Propst v. Georgia

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Justia Opinion Summary

In December 2011, a grand jury indicted Scottie Propst on thirteen charges, including multiple counts of armed robbery, aggravated battery, aggravated assault, possession of a firearm by a convicted felon, and possession of a firearm during the commission of a felony. Propst appealed his convictions and sentences, arguing among other things, the constitutionality of OCGA 16-3-24.2. Propst claimed that OCGA 16-3-24.2 violated his right to equal protection under the Georgia and United States Constitutions. Finding no error, the Georgia Supreme Court affirmed.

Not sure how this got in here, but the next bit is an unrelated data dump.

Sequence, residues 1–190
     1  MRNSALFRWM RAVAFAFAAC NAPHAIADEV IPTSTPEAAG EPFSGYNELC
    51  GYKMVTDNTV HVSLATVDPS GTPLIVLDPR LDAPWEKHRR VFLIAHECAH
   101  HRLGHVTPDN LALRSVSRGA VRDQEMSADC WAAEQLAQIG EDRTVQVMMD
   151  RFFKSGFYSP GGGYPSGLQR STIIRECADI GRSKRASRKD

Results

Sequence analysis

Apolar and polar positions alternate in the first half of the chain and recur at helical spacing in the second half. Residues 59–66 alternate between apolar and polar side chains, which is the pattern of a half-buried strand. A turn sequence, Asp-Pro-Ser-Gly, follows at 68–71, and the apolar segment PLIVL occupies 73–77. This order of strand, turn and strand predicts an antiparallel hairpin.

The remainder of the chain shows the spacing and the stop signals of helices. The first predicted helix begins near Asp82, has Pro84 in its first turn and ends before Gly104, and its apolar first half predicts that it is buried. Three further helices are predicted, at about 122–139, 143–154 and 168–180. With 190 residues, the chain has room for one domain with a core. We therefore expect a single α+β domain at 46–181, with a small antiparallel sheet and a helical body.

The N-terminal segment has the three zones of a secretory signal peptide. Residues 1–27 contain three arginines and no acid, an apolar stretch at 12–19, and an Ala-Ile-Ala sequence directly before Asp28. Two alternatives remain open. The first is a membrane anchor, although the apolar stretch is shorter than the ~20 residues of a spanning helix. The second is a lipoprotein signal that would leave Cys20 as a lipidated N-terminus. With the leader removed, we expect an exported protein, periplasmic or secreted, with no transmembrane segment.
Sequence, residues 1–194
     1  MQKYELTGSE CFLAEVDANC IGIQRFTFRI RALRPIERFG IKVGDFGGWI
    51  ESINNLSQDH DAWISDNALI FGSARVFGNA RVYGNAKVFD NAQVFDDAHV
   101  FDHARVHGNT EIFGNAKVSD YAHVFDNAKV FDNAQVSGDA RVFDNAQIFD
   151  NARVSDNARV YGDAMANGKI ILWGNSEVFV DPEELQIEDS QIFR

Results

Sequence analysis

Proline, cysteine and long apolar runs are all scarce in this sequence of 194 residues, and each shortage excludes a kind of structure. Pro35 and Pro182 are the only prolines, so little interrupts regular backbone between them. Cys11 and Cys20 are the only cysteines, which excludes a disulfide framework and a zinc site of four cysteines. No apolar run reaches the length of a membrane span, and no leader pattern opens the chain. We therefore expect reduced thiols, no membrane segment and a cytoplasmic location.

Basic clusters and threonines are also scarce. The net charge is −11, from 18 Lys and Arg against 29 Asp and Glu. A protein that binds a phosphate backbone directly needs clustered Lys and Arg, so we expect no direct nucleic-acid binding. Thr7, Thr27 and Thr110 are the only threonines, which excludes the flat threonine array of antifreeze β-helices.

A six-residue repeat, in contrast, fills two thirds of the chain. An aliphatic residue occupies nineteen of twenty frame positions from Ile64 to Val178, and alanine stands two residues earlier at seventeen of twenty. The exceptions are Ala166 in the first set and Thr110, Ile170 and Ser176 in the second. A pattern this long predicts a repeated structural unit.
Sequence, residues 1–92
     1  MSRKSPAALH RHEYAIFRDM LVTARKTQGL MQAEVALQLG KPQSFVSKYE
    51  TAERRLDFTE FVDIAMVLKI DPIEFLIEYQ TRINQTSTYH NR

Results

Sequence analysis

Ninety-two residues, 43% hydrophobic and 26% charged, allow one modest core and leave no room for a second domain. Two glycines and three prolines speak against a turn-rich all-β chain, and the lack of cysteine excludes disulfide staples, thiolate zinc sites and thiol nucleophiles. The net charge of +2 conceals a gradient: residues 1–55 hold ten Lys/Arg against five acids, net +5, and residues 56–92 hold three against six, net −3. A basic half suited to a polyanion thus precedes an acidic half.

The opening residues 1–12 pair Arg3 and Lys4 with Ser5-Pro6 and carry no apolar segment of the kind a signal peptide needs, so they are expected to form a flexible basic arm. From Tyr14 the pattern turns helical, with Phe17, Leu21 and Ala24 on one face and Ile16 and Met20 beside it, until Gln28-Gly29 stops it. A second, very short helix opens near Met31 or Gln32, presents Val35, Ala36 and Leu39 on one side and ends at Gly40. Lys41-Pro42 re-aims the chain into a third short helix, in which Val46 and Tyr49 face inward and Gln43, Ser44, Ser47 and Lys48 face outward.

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In the Supreme Court of Georgia Decided: July 5, 2016 S16A0275. PROPST v. THE STATE. HUNSTEIN, Justice. Appellant Scottie Propst appeals his convictions and sentences for robbery and other related offenses. In his seven enumerations of error, Propst challenges, among other things, the constitutionality of OCGA § 16-3-24.2. Propst claims, as he did below, that OCGA § 16-3-24.2 violates his right to equal protection under the Georgia and United States Constitutions. For the reasons that follow below, and finding no additional error, we affirm.1 In December 2011, a Walton County grand jury indicted Propst on the following thirteen charges: count one, armed robbery (Crankshaw); count two, armed robbery (Parker); count three, aggravated battery (Smith); count four, aggravated assault (Smith); count five, aggravated assault (Crankshaw); count six, aggravated assault (Parker); count seven, possession of a firearm by a convicted felon; count eight, possession of a firearm during the commission of a felony (armed robbery of Crankshaw); count nine, possession of a firearm during the commission of a felony (armed robbery of Parker); count ten, possession of a firearm during the commission of a felony (aggravated battery of Smith); count eleven, possession of a firearm during the commission of a felony (aggravated assault of Smith); count twelve, possession of a firearm during the commission of a felony (aggravated assault of Crankshaw); and count thirteen, possession of a firearm during the commission of a felony (aggravated assault of Parker). 1 1. In two enumerations of error, Propst contends that the evidence presented at trial was insufficient to support his convictions. Viewed in a light most favorable to the jury’s verdict, the evidence at trial established as follows. In October 2011, Propst’s co-defendant, Adam Hacker, arranged to purchase roxycodone pills from Yvonne Parker and Ronya Crankshaw at the ladies’ residence in Monroe, Georgia. Hacker, Propst, and a third party, drove from North Carolina to Monroe to complete the transaction. Hacker testified that he and Propst, who was in need of money, devised a plan to steal the pills and money from Parker and Crankshaw. Upon their Following a trial conducted February 24-26, 2014, a jury found Propst guilty of two counts of robbery (as lesser-included offenses of armed robbery in counts one and two) and found him guilty as charged with respect to counts three, four, five, ten, eleven, and twelve. On March 7, 2014, the trial court sentenced Propst as follows: count one, twenty years confinement; count two, twenty years confinement concurrent with count one; count three, twenty years confinement concurrent with count one; count five, ten years probation consecutive to count one; count seven, five years confinement concurrent with count three; count ten, five years probation, consecutive to count five; and count twelve, five years probation, consecutive to count ten. The trial court merged all other remaining offenses. Propst filed a motion for new trial on March 10, 2014, which was subsequently amended four times on January 26, 2015, February 6, 2015, April 28, 2015, and May 11, 2015. The trial court held two hearings on Propst’s motion for new trial on April 28, 2015 and June 30, 2015, and denied the motion in an order filed September 8, 2015. Propst filed a notice of appeal to this Court on September 24, 2015. The case was docketed to the January 2016 term and was thereafter submitted for decision on the briefs. 2 arrival at the residence, Hacker handed Propst a .45 Taurus pistol and told him to remain in the car and “stay out of sight.” Despite not having enough money to buy the requested amount of pills, Hacker went inside to conduct the drug transaction. Eventually, Hacker left the residence and returned to the vehicle under the pretense of retrieving additional cash. Once at the vehicle, Hacker and Propst reviewed their plan to rob Parker and Crankshaw; both men returned to the residence where, Hacker testified, he grabbed the pills and the money. The two men ran out of the residence and attempted to drive away, but they got lost in the subdivision. Crankshaw and her friend, Silas Smith, gave chase in order to ascertain the tag number on Hacker’s vehicle. They eventually caught up with the two men, who were still trying to leave the subdivision. According to Hacker, when Crankshaw and Smith caught up with them in a culde-sac, Propst climbed out of the passenger’s side window and shot at the oncoming vehicle. Smith was shot in the neck, paralyzing him from the chest down. The men drove off and, on their way back to North Carolina, they discarded the gun in a creek and agreed to tell law enforcement that Crankshaw shot at them as they were driving away. 3 Hacker and Propst were identified from photo lineups by Cranshaw and Smith. A .45 caliber shell casing was located at the intersection where the shooting occurred, and law enforcement recovered a large sum of money and the stolen pill bottles from Hacker’s girlfriend. After his arrest, Hacker led law enforcement to the gun, which was later matched to both the shell casing found in the street and the bullet that struck Smith. Law enforcement subsequently searched the vehicle Hacker drove on the night of the incident and located a muzzle flash powder burn on the top passenger’s side of the car. Royna Crankshaw corroborated many portions of Hacker’s testimony. According to Crankshaw, Hacker initially entered the residence alone for a drug transaction with Parker; he exited the residence to go back to his car; and, Propst and Hacker returned, stole the pills and cash, fled the scene and then shot at Cranshaw and Smith before leaving the neighborhood. Finally, the jury also heard Propst’s custodial statement wherein he told law enforcement that: he and Hacker drove from North Carolina to Georgia for a pill buy; he stayed in the car at Hacker’s advice while Hacker entered the residence to conduct the drug transaction; Hacker came back to the car to get Propst; the pair entered the house together; Propst grabbed the pills and cash; 4 the pair ran to the car and fled the scene; they got lost in the subdivision; and, that Cranshaw gave chase in her car. Initially, Propst denied having a gun in his possession, but he later admitted to having a gun, pulling the trigger from the passenger’s side of the car, plotting with Hacker to dispose of the weapon, and then confirming their stories in case they were contacted by police. (a) Sufficiency of the Evidence for the Robbery Convictions Propst first argues that his two convictions for robbery as lesser included offenses of armed robbery are not supported by sufficient evidence. Propst contends that the convictions are based solely on Hacker’s uncorroborated testimony that Propst knowingly and actively participated in the robberies. OCGA § 24-14-8 states that “[t]he testimony of a single witness is generally sufficient to establish a fact. However, in . . . felony cases where the only witness is an accomplice, the testimony of a single witness shall not be sufficient. Nevertheless, corroborating circumstances may dispense with the necessity for the testimony of a second witness . . . .” Id. Furthermore, we have previously held that, sufficient corroborating evidence may be circumstantial, it may be slight, and it need not of itself be sufficient to warrant a conviction of the crime charged. It must, however, be independent of the 5 accomplice testimony and must directly connect the defendant with the crime, or lead to the inference that he is guilty. Slight evidence from an extraneous source identifying the accused as a participant in the criminal act is sufficient corroboration of the accomplice to support a verdict. [Cits]. Corroboration of only the chronology and details of the crimes is not sufficient, and there must be some independent evidence tending to show that the defendant himself was a participant in the crimes. [Cits.] (Citations and punctuation omitted). Taylor v. State, 297 Ga. 132, 134 (2) (772 SE2d 630) (2015).2 Hacker’s testimony that Propst knowingly participated in the robberies was corroborated both by Cranshaw’s testimony, Propst’s own post-incident statement, and the physical evidence gathered by law enforcement. Although the jury may have discredited the portion of Cranshaw’s testimony regarding Propst brandishing a weapon during the robbery, the weight to be given to her testimony as a whole was a matter for the jury to decide. Id. at 135. Accordingly, the evidence was sufficient to enable a rational trier of fact to find Propst guilty beyond a reasonable doubt of all of the charges for which he was Because Propst’s trial was held after January 1, 2013, Georgia’s new Evidence Code is applicable. See Ga. L. 2011, p. 99 § 1. We note, however, that the provisions of former OCGA § 24-4-8 were carried forward into the new evidence code, and our decisions interpreting that provision remain good law. See Bradshaw v. State, 296 Ga. 650 (2) (769 SE2d 892) (2015); McKibbins v. State, 293 Ga. 843, n.9 (750 SE2d 314) (2013). 2 6 convicted, including the two counts of the lesser included offense of robbery. See Jackson v. Virginia, 443 U. S. 307 (99 SCt 2781, 61 LEd2d 560) (1979). (b) Sufficiency of the Evidence as to Venue Propst also argues that his aggravated assault, aggravated battery and weapons convictions cannot stand because the State failed to prove venue for these charges beyond a reasonable doubt. Similar to reviewing a challenge to the sufficiency of the evidence, we view the evidence of venue “in a light most favorable to support the verdict and determine whether the evidence was sufficient to permit a rational trier of fact to find beyond a reasonable doubt that the crime was committed in the county where the defendant was indicted.” Chapman v. State, 275 Ga. 314, 317 (4) (565 SE2d 442) (2002). It is well established that a criminal action must be tried in the county in which the crime was committed. Ga. Const. 1983, Art. VI, Sec. II, Para. VI; OCGA§ 17-2-2 (a). The State can establish venue by both direct and circumstantial evidence. See Chapman, 275 Ga. at 317; Jones v. State, 272 Ga. 900, 902-903 (2) (537 SE2d 80) (2000). If, in a case not involving murder, “it cannot be determined in what county a crime was committed, it shall be considered to have been committed in any county in 7 which the evidence shows beyond a reasonable doubt that it might have been committed.” Twitty v. State, 298 Ga. 204, 206 (2) (779 SE2d 298) (2015) (citing OCGA § 17-2-2 (h)). Here, while many witnesses testified that the initial robberies of Crankshaw and Parker occurred at 1422 Virginia Way, Monroe, Walton County, Georgia, the evidence established that the actual shooting occurred at the intersection of Virginia Way and Shadwell Lane, “just down the street” from, and in the same neighborhood as, that residence. Establishing the venue of a near-by site, in this case the residence where the robberies occurred, does not establish the venue for the remainder of the crimes. See Chapman, 275 Ga. at 317; Jones, 272 Ga. at 903-904. However, while there is no direct evidence that the intersection where the shooting occurred was located in Walton County, there is an abundance of circumstantial evidence from which the jury could have concluded beyond a reasonable doubt that the remainder of the crimes occurred in that county. Specifically, the jury heard evidence that numerous officers from the Walton County Sheriff’s Office responded to and investigated the scene of the robberies and the intersection where the shooting occurred. See Chapman, 275 Ga at 317-318 (“In light of the well-settled principle that public officials are 8 believed to have performed their duties properly and not to have exceeded their authority unless clearly proven otherwise . . . the jury was authorized to find the police officer acted within the territorial jurisdiction in which he testified he was employed.”). Compare Jones, 272 Ga at 903-904 (evidence of venue insufficient because City of Atlanta officers who responded to and investigated crime patrolled both Fulton and DeKalb counties). Moreover, evidence was collected from the intersection by the criminal investigative unit of the Walton County Sheriff’s Office, logged on property receipts from the Walton County Sheriff’s Office, and subsequently kept in their evidence room. Additionally, Walton County Sheriff’s Office forms were used for Crankshaw’s photo-line up identification of Propst, and the form used to Mirandize Propst was signed by two Walton County detectives. See State v. Prescott, 290 Ga. 528, 529 (722 SE2d 738) (2012) (County Sheriff’s Office Miranda waiver form is evidence of venue). Consequentially, there is sufficient evidence from which the jury could have concluded beyond a reasonable doubt that the crimes were committed in Walton County. 2. Propst filed a pre-trial motion to dismiss his indictment, claiming that 9 he was immune from prosecution pursuant to former OCGA § 16-3-24.23 because he was acting in self-defense at the time of the alleged crimes. The State objected, arguing that Propst was not entitled to pre-trial immunity because he was a convicted felon at the time of the shooting. The parties filed briefs prior to the immunity hearing focusing, in part, on whether former OCGA § 16-3-24.2 violated Propst’s right to equal protection under both the Federal and State Constitutions. Applying a rational basis test, the trial court found that the immunity statute did not violate Propst’s equal protection rights. Further, after hearing evidence on Propst’s motion to dismiss, the trial court denied the motion, finding that Propst was “not entitled to dismissal and immunity from 3 Because this case was tried prior to the Legislature’s amendment of the immunity statute on July 1, 2014, the 2006 version of the statute applies. That Code section provides in pertinent part: A person who uses threats or force in accordance with Code Section . . . 16–3–21 [in defense of self or others] shall be immune from criminal prosecution therefor unless in the use of deadly force, such person utilizes a weapon the carrying or possession of which is unlawful by such person under Part 2 or 3 of Article 4 of Chapter 11 of [Title 16 of the Georgia Code]. OCGA § 16-3-24.2 (2011). In 2014, the immunity statute was amended as part of the Safe Carry Protection Act to delete the “or 3” from the phrase “Part 2 or 3” within the exception for unlawful carrying or possession of a weapon. See Ga. L. 2014, p. 599, 602–603, § 1–3. 10 prosecution as contemplated by OCGA § 16-3-24.2.” Propst argues now, as he did below, that the trial court erred in upholding the former immunity statute as constitutional. Namely, Propst claims that the trial court should have reviewed his Equal Protection claims under a strict scrutiny standard because former OCGA § 16-3-24.2 infringed upon his fundamental right of self-defense pursuant to McDonald v. City of Chicago, 561 U.S. 742 (130 SCt 3020, 177 LE2d 894) (2010), by precluding him, as a convicted felon, from seeking immunity from prosecution. This claim is without merit. “‘Because the protection provided in the Equal Protection Clause of the United States Constitution is coextensive with that provided in Art. I, Sec. I, Par. II of the Georgia Constitution of 1983, we apply them as one.’” (Citation omitted.) Favorito v. Handel, 285 Ga. 795, 797 (1) (b) (684 SE2d 257) (2009). “‘In deciding an equal protection challenge, the level of scrutiny applied by the court depends on the nature of the distinction drawn by the legislation at issue. If neither a suspect class nor a fundamental right is implicated, the most lenient level of judicial review – rational basis – applies.’” (Citation omitted.) Harper v. State, 292 Ga. 557, 560 (1) (738 SE2d 584) (2013). “The constitutionality of 11 a statute presents a question of law. Accordingly, we review a trial court’s holding regarding the constitutionality of a statute de novo.” Rhodes v. State, 283 Ga. 361, 362 (659 SE2d 370) (2008). The United States Supreme Court’s decisions in District of Columbia v. Heller, 554 U.S. 570 (128 SCt 2783, 171 LEd2d 637) (2008), and McDonald, supra, address an individual’s right to possess and use a firearm in self defense inside one’s home. Heller guaranteed “law-abiding, responsible citizens” in the District of Columbia the right “to use arms in defense of hearth and home,” 554 U.S. at 635, and McDonald extended that right to the states through the Fourteenth Amendment, 561 U.S. at 742. The extent to which Second Amendment protections apply outside the home, and whether some or all convicted felons are unprotected by the Second Amendment, are unsettled questions. See, e.g., Amos v. State, ___ Ga. ___ (783 SE2d 900, 905 (2016); State v. Craig, 826 NW2d 789, 794-798 (Minn. 2013). But even assuming that Propst had a fundamental right based on the Second Amendment to assert, that right is not implicated by the immunity statute, which merely provides a pre-trial process as a matter of legislation, not of constitutional requirement. The immunity statute did not prevent Propst from 12 engaging in acts of alleged self-defense, and it does not prevent him from trying to argue self-defense at trial. Further, Propst’s status as a convicted felon does not make him a member of a suspect class triggering strict scrutiny analysis. See Quarterman v. State, 282 Ga. 383 (1) (651 SE2d 32) (2007) (explaining no strict scrutiny analysis because convicted felons not members of a suspect class); Drew v. State, 285 Ga. 848 (2) (684 SE2d 608) (2009) (finding incarcerated inmates are not members of a suspect class); Rooney v. State, 287 Ga. 1 (3) (690 SE2d 804) (2010) (persons sentenced under OCGA § 17-10-10 (a) are not members of a suspect class). Because neither a fundamental right is implicated, nor is Propst a member of a suspect class, the trial court properly applied the rational basis test. Further, Propst failed to show that the immunity statute did not meet the rational basis test. As we have previously explained, There are two prongs to an evaluation of legislation under an equal protection claim . . . and, as the legislation is presumptively valid, the claimant has the burden of proof as to both prongs. Initially, the claimant must establish that he is similarly situated to members of the class who are treated differently from him. Next, the claimant must establish that there is no rational basis for such different treatment. 13 (Citation omitted.) Reed v. State, 264 Ga. 466, 466 (448 SE2d 189) (1994). Under the first prong, “[t]he proper inquiry is whether the statute applies equally to all those accused under it, and therefore does not create disparate classifications among similarly situated persons.” Id. Former OCGA § 16-3-24.2 did not preclude only convicted felons from asserting pre-trial immunity. Rather, it precluded anyone, convicted felons and non-felons alike, from asserting pre-trial immunity who unlawfully carried or possessed a weapon in violation of either Part 2 or 3 of Chapter 11 Article 4 when an incident occurred. This included violations of OCGA §§ 16-11-127 & 130.2 (prohibiting carrying a weapon in unauthorized locations); § 16-11-132 (prohibiting possession of a handgun by a person under 18); and, § 16-11-134 (making it unlawful to discharge a firearm while under the influence). See Amos, 783 SE2d at 904-905 (Defendant not entitled to immunity based on self-defense at the pretrial stage where defendant never obtained a weapons carry license); State v. Burks, 285 Ga. 781 (1) (684 SE2d 269) (2009) (interpreting former OCGA § 16-3-24.2 as precluding immunity where a person unlawfully carries a weapon in violation of OCGA § 16–11–120 et seq.). Consequentially, Propst has failed to show that former OCGA § 16-3-24.2 14 treated members of a class – i.e., convicted felons – differently from similarly situated individuals. Accordingly, the trial court did not err in upholding the statute as constitutional and denying Propst’s motion to dismiss.4 3. In two enumerations of error, Propst contends that his trial counsel rendered ineffective assistance for failing to challenge the constitutionality of OCGA § 16-3-21 (b) (2)5 and for failing to request a written jury charge on witness impeachment. To establish ineffective assistance of counsel, a defendant must show that his counsel’s performance was professionally deficient and that, but for such deficient performance, there is a reasonable probability that the result of the trial would have been different. See Strickland v. Washington, 466 U. S. 668 (104 SCt 2052, 80 LE2d 674) (1984). If the defendant fails to satisfy either prong of the Strickland test, this Court is not required to examine the other. See Green v. State, 291 Ga. 579 (2) (731 SE2d Because Propst failed to satisfy the first prong of his equal protection challenge, we do not need to address whether he met the second. See Reed, 264 Ga. at 466. 4 OCGA § 16-3-21 (b) (2) states that “(b) A person is not justified in using force under the circumstances specified in subsection (a) of this Code section if he . . . (2) Is attempting to commit, committing, or fleeing after the commission or attempted commission of a felony . . . .” Id. 5 15 359) (2012). “In reviewing the trial court's decision, ‘[w]e accept the trial court’s factual findings and credibility determinations unless clearly erroneous, but we independently apply the legal principles to the facts.’” (Citation omitted.) Wright v. State, 291 Ga. 869, 870 (2) (734 SE2d 876) (2012). (a) Failure to Challenge OCGA § 16-3-21(b)(2) Propst first alleges that trial counsel was ineffective for failing to challenge the constitutionality of OCGA § 16-3-21 (b) (2) as overly broad and vague in violation of the Due Process Clauses of the Georgia and United States Constitutions. We disagree. To prove deficient performance, one must show that his attorney “performed at trial in an objectively unreasonable way considering all the circumstances and in the light of prevailing professional norms.” Romer v. State, 293 Ga. 339, 344 (3) (745 SE2d 637) (2013). “A court considering a claim of ineffective assistance must apply a ‘strong presumption’ that counsel’s representation was within the ‘wide range’ of reasonable professional assistance.” (Citation omitted). Harrington v. Richter, 562 U.S. 86, 104 (IV) (131 SCt 770, 178 LEd2d 624) (2011). To overcome that presumption, Propst must show that no reasonable counsel would have failed to challenge the 16 constitutionality of OCGA § 16-3-21 (b) (2). See, e.g. Jones v. State, 292 Ga. 593, 600-601 (7) (d) (740 SE2d 147) (2013); Hartsfield v. State, 294 Ga. 883, 888 (3) (b) (757 SE2d 90) (2014) (“[t]he proper assessment is ‘an inquiry into the objective reasonableness of counsel’s performance, not counsel’s subjective state of mind’” (citing Harrington, 562 U.S. at 110)). As Propst fails to present any compelling authority questioning the constitutionality of OCGA § 16-3-21 (b) (2), he cannot establish deficient performance by trial counsel for failing to challenge the same. See, e.g., Rickman v. State, 277 Ga. 277, 280 (2) (587 SE2d 596) (2003) (“[I]n making litigation decisions, there is no general duty on the part of defense counsel to anticipate changes in the law” and “‘[o]nly in a rare case’ would it be ineffective assistance by a trial attorney not to make an objection that would be overruled under prevailing law.”); Washington v. State, 271 Ga. App. 764, 765 (1) (610 SE2d 692) (2005) (“[T]he standard for effectiveness of counsel does not require a lawyer to anticipate changes in the law or pursue novel theories of defense.”). Consequentially, this claim of ineffective assistance of counsel is without merit. (b) Failure to Request a Jury Charge of Impeachment by Prior Inconsistent Statements 17 We are also not persuaded by Propst’s claim that trial counsel was ineffective for failing to submit a written request to charge the jury on impeachment of a witness by a prior inconsistent statement. The record shows that trial counsel requested the following charges: credibility of witnesses; impeachment of witnesses by proof of crime of dishonesty or moral turpitude; impeachment of witnesses based upon evidence of character for untruthfulness; and, an instruction that: “To impeach a witness is to show that the witness is unworthy of belief. The credibility of a witness may be attacked by disproving the facts to which the witness testified.” The trial court subsequently gave these instructions to the jury. Moreover, trial counsel emphasized throughout his closing argument that the testimony of Hacker and Cranksaw should not be afforded any weight because they had both given prior conflicting and inconsistent statements. Reading the jury charge as a whole, we find no reasonable probability that the outcome of the trial would have been different had the additional impeachment charge been requested. Accordingly, this ineffectiveness claim is without merit. 4. Propst further alleges that the trial court committed plain error by 18 failing to charge the jury on impeachment of a witness by prior inconsistent statements. Again, we disagree. Because counsel did not object to the trial court not giving the impeachment charge, we review for plain error, “meaning that we will reverse the trial court only ‘if the instructional error was not affirmatively waived . . . , was obvious beyond reasonable dispute, likely affected the outcome of the proceedings, and seriously affected the fairness, integrity, or public reputation of judicial proceedings.’” (Citation omitted.) Brown v. State, 297 Ga. 685, 691 (4) (777 SE2d 466 (2015) (2015). For the reasons discussed in section 4(b) supra, we find that the trial court’s failure to give the additional impeachment charge did not amount to plain error. 5. Finally, Propst contends that the State violated Brady v. Maryland, 373 U.S. 83 (83 SCt 1194, 10 LE2d 215) (1963), when it failed to disclose a recorded 911 call made by Crankshaw which, Propst argues, contained exculpatory and material evidence. Specifically, Propst claims that, had the recording been produced, he would have been able to further impeach Crankshaw with prior inconsistent statements. To prevail on a Brady claim, a defendant must show that the State 19 possessed evidence favorable to the defendant; defendant did not possess the evidence nor could he obtain it himself with any reasonable diligence; the prosecution suppressed the favorable evidence; and had the evidence been disclosed to the defense, a reasonable probability exists that the outcome of the proceeding would have been different. Blackshear v. State, 285 Ga. 619, 622 (5) (680 SE2d 850) (2009). Pretermitting whether the 911 call actually qualifies as Brady material, Propst’s Brady claim fails for several reasons. First, trial counsel admitted at the motion for new trial hearing that, at the time of trial, he was already aware of the facts in the phone call. See, e.g. Waldrip v. Head, 279 Ga. 826 (II) (A) (620 SE2d 829) (2005) (a defendant’s exculpatory statements generally are not Brady material because the information contained therein is known to the defendant). Second, there is no evidence that the State suppressed the recording because the existence of the 911 call came out during trial, and because the State had an “open file policy” making everything available to the defense for review. Cf. Adams v. State, 271 Ga. 485, 487 (3) (521 SE2d 575) (1999) (“Moreover, because that information appeared in the State's file and the prosecution had an ‘open file policy’ in this case, Appellant had constructive knowledge of the existence of [a co-defendant’s] criminal history.”). Third, the 911 call is a 20 matter of public record and could have been obtained by Propst with reasonable diligence. See OCGA § 50-18-72 (a) (26) (allowing disclosure of 911 recordings to criminal defendants via an open records request). See also Heidler v. State, 273 Ga. 54 (2) (537 SE2d 44) (2000) (no Brady violation where defendant could, and did, obtain records by means of his own, separate subpoena). Finally, because of the damaging nature of the call, which includes Smith screaming in pain in the background, and Propst’s subsequent custodial admission to shooting the firearm, there is no reasonable probability that the outcome of the proceeding would have been different. Accordingly, this claim is without merit. Judgment affirmed. All the Justices concur. 21 S16A0275. PROPST v. THE STATE. NAHMIAS, Justice, concurring. I join the Court’s opinion in full, but I add another point to the discussion in Division 1 (b) regarding the sufficiency of the evidence as to venue. As I see it, the jury could quite reasonably infer that the shooting occurred in Walton County from the testimony that it occurred “just down the street” from and in the same neighborhood as a residence in Walton County and the absence of any indication that either site was close to a county line. See O’Donnell v. Smith, 294 Ga. 307, 313-314 (751 SE2d 324) (2013) (Nahmias, J., concurring). To the extent that the erroneous logic of the majority opinion in Jones v. State, 272 Ga. 900, 903-904 (537 SE2d 80) (2000), precludes jurors from making this common-sense and mathematically supportable inference, I continue to believe that we should eventually disapprove that holding. See Jones v. State, No. S16A0314 (decided July 5, 2016) (Nahmias, J., concurring).